As the years pass, my reasons for why we home school change:

  • I want to be with my children.
  • I want to watch them grow.
  • I want them to spend time with their siblings.
  • I want to have time to instill Biblical truths in them.
  • I want them to know the most important things in life center around family.
  • I want them to learn how to keep a home.
  • I want to be the one deciding what is worthwhile knowledge for my children

I’m sure in the next few years, that list with grow and grow and grow. But these are the reasons why we home school. I’m sure your reasons are very different. They may also be similar in some ways.
Stay tuned for part two:  HOW we started homeschooling.

Reading Picks This Week

Here’s a list of books we’re reading this week:

Read Aloud:

Anne of Green Gables– I signed Peanut up for a book club at the local library. I gave us about a week to read it. It’s just a tad bit above her independent reading level, so we’re reading it together.

Peanut’s Choices:

Nancy Drew: The Mystery of Lilac Inn- Peanut is so excited to be into the Nancy Drew series (and I was so excited to introduce it to her, as it was my favorite series as a kid!)

Bubba’s Choices:

Chicka Chicka Boom Boom- we are working on alphabet letters, and this book is great for letter recognition while keeping it fun.

Saving Money in Homeschool

There are a few things for our homeschool that I refuse to spend full price on. Many office supplies can be purchased second hand that are like new quality, and are super cheap. Here’s a few items I won’t buy new:

  • Pencil Boxes: My kids love them. I find them handy for storing things with little pieces (like the base ten foam set). And they break so easily that I end up replacing them all the time. And I won’t pay more than $0.75 for one of them. Whenever we go thrift store shopping, I keep my eye out for these lovely little items. I’ve found them for as cheap as a quarter, and only pick up ones that latch and don’t have many marks on them. (Sometimes I find them with kids’ names blacked out in permanent marker, but no one really notices.)
  • Three Ring Binders: These I can find at a couple different places. I’ll look at thrift stores, but I find the cheapest places to buy these are from people we know who are just giving them away. The warehouse my husband delivers for was cleaning out their office and this lovely pile of three ring binders was sitting in the trash pile. He asked if he could have them, and I got ten binders for FREE! The second best place to pick these up is a garage sales. I can usually find three-ring binders at garage sales for $0.25 each. Can’t really beat that price if you do have to pay for them! I’ve looked at thrift stores, but they’re usually over a dollar each, and that’s just too much for me, so I pass them up. A lot of times, these binders have some print transfer from pages that have been left in for too long, but as long as the rings line up and they function properly, it serves our purposes!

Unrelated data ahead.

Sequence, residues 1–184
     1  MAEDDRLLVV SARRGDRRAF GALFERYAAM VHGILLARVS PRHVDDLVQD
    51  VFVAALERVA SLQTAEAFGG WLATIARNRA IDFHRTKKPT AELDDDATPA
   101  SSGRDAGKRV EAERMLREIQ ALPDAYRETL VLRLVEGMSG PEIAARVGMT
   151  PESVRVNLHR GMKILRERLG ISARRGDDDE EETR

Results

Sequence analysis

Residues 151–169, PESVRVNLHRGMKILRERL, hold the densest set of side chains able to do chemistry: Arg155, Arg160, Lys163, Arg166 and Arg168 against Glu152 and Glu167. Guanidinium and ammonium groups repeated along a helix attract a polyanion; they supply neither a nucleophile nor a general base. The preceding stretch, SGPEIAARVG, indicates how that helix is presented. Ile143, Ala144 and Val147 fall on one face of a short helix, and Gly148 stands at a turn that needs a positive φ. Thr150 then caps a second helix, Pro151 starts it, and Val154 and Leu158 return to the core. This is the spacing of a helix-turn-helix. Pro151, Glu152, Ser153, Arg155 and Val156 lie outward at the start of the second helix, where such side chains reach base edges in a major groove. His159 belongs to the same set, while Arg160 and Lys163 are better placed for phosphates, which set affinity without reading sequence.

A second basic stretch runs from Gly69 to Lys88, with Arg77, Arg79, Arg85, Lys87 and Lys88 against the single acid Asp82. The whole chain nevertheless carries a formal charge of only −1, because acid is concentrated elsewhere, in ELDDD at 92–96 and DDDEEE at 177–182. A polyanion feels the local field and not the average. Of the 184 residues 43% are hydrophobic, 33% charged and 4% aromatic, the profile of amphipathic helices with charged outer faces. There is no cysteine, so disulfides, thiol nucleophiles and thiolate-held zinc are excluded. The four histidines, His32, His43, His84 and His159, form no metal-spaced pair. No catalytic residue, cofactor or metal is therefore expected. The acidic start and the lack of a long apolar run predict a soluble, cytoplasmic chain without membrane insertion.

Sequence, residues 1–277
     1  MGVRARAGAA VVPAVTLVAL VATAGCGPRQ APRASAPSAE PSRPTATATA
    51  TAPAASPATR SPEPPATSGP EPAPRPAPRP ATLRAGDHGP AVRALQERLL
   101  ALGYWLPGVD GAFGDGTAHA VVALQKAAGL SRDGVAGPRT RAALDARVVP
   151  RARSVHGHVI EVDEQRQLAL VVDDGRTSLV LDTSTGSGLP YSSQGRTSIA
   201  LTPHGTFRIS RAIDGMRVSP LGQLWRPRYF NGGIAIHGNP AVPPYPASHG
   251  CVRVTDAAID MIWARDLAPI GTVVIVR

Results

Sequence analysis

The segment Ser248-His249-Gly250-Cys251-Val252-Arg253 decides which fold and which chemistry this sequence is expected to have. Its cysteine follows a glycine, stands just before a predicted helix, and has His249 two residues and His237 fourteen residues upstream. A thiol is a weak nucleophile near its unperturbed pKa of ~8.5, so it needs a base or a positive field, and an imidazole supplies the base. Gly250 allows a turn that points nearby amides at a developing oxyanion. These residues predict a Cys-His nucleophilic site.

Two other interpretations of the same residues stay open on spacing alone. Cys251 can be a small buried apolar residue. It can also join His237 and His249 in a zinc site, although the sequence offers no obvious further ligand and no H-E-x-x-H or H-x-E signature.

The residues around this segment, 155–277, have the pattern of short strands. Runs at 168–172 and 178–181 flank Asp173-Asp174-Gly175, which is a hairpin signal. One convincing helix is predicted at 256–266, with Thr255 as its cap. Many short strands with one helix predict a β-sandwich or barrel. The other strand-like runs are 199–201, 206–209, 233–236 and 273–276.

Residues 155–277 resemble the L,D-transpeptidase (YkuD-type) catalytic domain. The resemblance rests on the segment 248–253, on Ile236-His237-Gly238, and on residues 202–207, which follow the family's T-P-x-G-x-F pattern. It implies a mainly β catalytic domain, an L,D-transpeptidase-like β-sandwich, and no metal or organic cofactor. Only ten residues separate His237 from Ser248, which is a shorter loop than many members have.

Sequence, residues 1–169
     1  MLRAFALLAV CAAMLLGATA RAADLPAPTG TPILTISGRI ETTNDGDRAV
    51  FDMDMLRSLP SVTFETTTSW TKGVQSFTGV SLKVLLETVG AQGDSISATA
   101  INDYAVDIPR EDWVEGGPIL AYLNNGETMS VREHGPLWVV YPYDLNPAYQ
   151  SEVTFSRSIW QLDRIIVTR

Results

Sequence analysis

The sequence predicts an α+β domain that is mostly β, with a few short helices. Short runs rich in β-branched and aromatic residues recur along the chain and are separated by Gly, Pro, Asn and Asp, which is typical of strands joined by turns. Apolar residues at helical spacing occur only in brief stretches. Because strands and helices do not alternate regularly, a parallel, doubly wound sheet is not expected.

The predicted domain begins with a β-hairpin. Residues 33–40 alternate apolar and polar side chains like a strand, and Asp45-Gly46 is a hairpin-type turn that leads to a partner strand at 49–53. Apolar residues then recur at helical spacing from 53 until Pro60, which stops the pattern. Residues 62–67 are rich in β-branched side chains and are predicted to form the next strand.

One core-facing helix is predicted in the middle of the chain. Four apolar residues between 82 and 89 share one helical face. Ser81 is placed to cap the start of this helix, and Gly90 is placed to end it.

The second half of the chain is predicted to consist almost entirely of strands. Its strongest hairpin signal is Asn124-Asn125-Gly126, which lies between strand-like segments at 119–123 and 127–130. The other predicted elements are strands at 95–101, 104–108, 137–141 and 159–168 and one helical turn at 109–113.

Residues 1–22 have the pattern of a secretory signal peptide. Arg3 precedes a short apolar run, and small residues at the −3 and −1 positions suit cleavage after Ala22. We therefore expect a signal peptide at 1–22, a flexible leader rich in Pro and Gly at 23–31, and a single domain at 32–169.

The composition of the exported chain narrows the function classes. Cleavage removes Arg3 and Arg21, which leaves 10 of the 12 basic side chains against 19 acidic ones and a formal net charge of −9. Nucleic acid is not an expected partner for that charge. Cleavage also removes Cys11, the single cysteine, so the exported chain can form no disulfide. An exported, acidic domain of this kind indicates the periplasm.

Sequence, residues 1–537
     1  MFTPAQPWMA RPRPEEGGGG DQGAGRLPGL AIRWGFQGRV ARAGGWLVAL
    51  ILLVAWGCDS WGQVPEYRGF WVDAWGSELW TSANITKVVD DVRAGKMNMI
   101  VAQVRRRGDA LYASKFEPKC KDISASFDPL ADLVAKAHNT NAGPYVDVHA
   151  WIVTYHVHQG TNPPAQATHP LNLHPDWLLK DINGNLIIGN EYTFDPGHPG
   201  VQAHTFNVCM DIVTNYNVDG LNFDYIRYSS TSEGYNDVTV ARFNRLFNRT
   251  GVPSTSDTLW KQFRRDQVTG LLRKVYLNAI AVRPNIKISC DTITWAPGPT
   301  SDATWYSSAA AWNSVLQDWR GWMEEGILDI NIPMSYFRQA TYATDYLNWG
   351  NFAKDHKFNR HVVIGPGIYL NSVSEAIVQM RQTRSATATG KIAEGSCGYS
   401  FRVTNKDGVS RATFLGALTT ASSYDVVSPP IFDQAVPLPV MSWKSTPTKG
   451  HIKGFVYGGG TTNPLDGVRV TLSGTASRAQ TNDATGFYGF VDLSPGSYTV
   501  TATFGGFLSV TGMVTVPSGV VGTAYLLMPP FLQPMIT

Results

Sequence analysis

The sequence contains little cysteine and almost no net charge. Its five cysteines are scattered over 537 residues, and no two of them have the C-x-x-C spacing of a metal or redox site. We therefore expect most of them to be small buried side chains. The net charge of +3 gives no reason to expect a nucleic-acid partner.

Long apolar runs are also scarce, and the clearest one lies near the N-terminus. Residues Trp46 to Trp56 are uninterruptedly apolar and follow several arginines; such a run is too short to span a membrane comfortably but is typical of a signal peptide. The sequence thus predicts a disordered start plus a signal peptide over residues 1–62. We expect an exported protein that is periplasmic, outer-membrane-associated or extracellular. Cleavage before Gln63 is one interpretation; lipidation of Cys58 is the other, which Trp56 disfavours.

• Loose Leaf Rings: These aren’t something that I normally find at garage sales, but when I do, I pick them up. The last time I found them, I picked up a baggie full of them for $1.00. I do know that office supplies stores sells them in sets of 10 for upwards of $6.00, so that’s a savings in my book!

What are some examples of homeschool items you will not purchase at retail price? Share some tips at how you get them at a lower cost!

We Are The Branches

Today was probably one of the hardest homeschool days I have had in the past two and a half years. It was emotionally draining, exhausting and so very hard.

And of course, I probably made it harder.

Peanut and I clash sometimes. I love my sweet girl so very much. She is so much like myself, which is what most of our problems are.

Today was a day of struggles. Peanut struggled to stay on track. And she didn’t. Three hours later and her work wasn’t done (not for lack of understanding, just because she wouldn’t, then she’d cry because she didn’t want to, then she’d say she was horrible at it- she’s not) and I would struggle to keep my cool. And I didn’t. I struggled to stay calm about Bubba and his refusal to have a bowel movement anywhere near the bathroom. I halfway didn’t. (Is that possible?)

Although it was a hard day, and most of our bookwork, and a fun science experiment didn’t get done, all was not lost.

We sat down for breakfast, the three of us, and afterwards had Bible Study. John 15:5

I am the Vine, and you are the branches. If a man remains in me, and I in him, he will produce much fruit. Apart from me, you can do nothing.

We actually had an amazing discussion about John 15:1-2 also, how Jesus is the Vine, the Father is the gardener, and we are the branches. We talked about being pruned to produce good, tasty fruit.

And what I loved about this, is that our neighbor actually has a wild grapevine. So the children understood how the grapes were good, but not as good as store bought grapes. The neighbor doesn’t prune them. And they understand pruning because their father is a great hobby gardener. And the kids are always out there helping him.

I am actually looking forward to more discussions this week. I think this is a great springboard for learning the fruits of the Spirit, and working on developing those in each of us (myself included!).

Academically, the day went so horribly wrong. But I believe we laid the groundwork for some amazing life lessons this week about the kinds of fruit the Lord wants to grow in us.